Risk Management And Security Operations Perform Best In Partnership.
Risk Management And Security Operations – Risk management and security operations work best in partnership, with security procedures supported by security technology and manpower operations reducing risk.
From a practical perspective, risk management as a discipline is predicated on 5 tools and it’s well worth security installers and integrators being across them. These tools include risk avoidance, risk transfer, risk abatement, risk spreading and risk assumption. Some of these strategies benefit from thoughtful security systems and security strategies – others benefit from the recognition security cannot be provided.
Risk assumption is a strategy that accepts loss on the basis it will be so small, or so expensive to cover, that it’s better for an organisation to put funds by to cover loss than to insure, or to secure the location of risk in such a way as to make loss less likely, or only partial.
From a security perspective, the risk assumption strategy requires coverage of the asset giving situational awareness, supported by professional monitoring and with a planned rapid response.
Risk avoidance is a strategy that seeks to entirely avoid any risk. This strategy might entail not storing high value items at a low security site. Or it might involve outsourcing supply of high value items to a third party, who must bear the risk, though this strategy also opens the organisation to risk on the supply side. While risk avoidance can work, most operations entail an element of risk that cannot be avoided.
Risk abatement simply means lowering or reducing risk – security solutions and procedures can definitely play an important role in such a strategy. Risk of loss from theft or damage can be reduced by an electronic security solution that manages staff and visitor movement, that provides a real time overview of areas of risk with CCTV AI reporting of key events, and that provides a professionally monitored electronic perimeter around a site that generates a series of alarms and a response.
Risk transfer as a strategy involves use of insurance to cover risk. Obviously transferring risk to an insurance company without securing and monitoring a facility is prohibitively expensive – insurance always needs to be supported by a capable security system that’s surrounded by security procedures, is professionally monitored, and that generates an appropriate response to alarm events.
Risk spreading is the last of the 5 strategies and it involves spreading high risk across an organisation’s facilities. It goes without saying that such a strategy also demands that all an organisation’s facilities must then be provided with security procedures and security systems that meet increased risk.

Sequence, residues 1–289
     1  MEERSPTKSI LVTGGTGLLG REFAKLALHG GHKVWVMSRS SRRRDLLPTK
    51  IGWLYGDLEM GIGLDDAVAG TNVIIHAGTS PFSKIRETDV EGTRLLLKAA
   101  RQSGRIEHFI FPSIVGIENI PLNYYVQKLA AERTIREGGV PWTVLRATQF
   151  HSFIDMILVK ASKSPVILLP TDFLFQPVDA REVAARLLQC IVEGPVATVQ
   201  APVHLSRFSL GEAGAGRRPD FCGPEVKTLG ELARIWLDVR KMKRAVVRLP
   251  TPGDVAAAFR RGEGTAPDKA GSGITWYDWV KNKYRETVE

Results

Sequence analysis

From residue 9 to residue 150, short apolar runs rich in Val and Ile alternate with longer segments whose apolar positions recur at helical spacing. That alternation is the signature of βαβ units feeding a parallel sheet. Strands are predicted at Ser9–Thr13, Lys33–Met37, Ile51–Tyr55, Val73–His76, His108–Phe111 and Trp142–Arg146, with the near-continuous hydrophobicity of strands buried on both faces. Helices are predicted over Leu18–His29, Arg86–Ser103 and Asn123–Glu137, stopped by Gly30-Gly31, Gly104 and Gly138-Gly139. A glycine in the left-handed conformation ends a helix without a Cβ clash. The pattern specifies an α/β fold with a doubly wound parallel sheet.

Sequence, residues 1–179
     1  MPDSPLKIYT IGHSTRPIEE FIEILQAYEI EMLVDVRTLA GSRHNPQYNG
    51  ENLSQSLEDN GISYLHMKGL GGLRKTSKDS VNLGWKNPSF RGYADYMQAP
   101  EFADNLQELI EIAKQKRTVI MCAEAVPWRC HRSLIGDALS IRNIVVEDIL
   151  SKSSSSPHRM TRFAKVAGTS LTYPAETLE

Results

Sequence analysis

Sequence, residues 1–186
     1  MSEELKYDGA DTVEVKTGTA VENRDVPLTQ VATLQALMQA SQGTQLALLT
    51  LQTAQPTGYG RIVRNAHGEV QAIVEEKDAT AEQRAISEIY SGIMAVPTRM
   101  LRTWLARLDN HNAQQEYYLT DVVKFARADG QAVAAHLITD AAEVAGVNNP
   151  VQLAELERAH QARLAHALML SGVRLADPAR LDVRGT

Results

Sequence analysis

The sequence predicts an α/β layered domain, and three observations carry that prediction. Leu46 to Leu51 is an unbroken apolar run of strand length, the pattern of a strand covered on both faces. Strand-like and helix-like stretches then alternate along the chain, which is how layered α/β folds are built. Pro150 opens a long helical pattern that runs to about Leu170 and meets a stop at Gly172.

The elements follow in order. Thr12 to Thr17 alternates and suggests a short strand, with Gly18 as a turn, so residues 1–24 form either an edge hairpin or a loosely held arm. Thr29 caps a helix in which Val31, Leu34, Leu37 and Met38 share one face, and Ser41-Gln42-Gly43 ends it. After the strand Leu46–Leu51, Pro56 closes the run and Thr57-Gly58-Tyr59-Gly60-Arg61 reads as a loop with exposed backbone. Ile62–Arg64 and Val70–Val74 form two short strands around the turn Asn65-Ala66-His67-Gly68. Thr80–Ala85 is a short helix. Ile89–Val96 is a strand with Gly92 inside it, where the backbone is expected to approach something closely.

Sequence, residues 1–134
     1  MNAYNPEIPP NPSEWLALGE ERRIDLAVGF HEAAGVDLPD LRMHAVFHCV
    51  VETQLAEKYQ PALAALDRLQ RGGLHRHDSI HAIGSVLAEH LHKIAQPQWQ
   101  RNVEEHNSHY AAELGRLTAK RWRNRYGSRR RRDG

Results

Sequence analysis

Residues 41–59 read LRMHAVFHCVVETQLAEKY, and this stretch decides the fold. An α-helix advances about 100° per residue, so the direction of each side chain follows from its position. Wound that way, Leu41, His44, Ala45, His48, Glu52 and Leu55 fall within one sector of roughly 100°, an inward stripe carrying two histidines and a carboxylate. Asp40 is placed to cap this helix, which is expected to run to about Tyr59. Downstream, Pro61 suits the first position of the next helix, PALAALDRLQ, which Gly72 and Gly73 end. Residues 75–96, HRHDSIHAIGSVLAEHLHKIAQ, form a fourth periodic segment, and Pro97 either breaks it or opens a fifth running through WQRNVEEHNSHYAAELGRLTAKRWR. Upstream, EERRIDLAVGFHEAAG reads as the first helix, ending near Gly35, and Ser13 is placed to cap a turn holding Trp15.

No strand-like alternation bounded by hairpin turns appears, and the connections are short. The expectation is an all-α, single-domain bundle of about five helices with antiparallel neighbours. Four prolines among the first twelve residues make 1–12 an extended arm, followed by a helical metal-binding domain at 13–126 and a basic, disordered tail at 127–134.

It’s possible to establish a high security location within each site, or to combine elements of strategies, including spreading, abatement and avoidance, by shifting higher value, higher risk items and operations to those sites that have the lowest risk profile.
Risk Management And Security Operations
Combined with improved security solutions, this blended strategy can reduce risk and reduce insurance premiums but would still demand the lower risk site have an uprated security solution that pushes its sterile zone out to the perimeter to increase time for response.
Another point of relevance is that in a smaller regional city, security response can be much faster than it might be across a metropolitan area. Relationships with local police will also be much closer and it’s far more likely they will respond to confirmed alarm events if the secured premises is a small town’s largest employer.
Insurance rates depend on external elements like competition and government regulation – there’s little impact security people can make on such elements aside from being prepared to walk away from expensive providers while making their organisation as secure as possible.
The other driver of insurance costs is claims and that’s something security people and security end users do have control of. Given the impact of claims on insurance costs, proactive perimeter security solutions, like powered fencing, have the capacity to pay themselves off in applications simply by eliminating the risk of intrusion.
There’s another factor to consider when it comes to a balanced risk management strategy. Insurance companies are highly motivated to avoid payouts and their lawyers are likely to seek any loophole in a site’s systems or procedures through which they can steer. This makes careful system design and rigorous system maintenance doubly important.
“Risk Management And Security Operations Perform Best In Partnership.”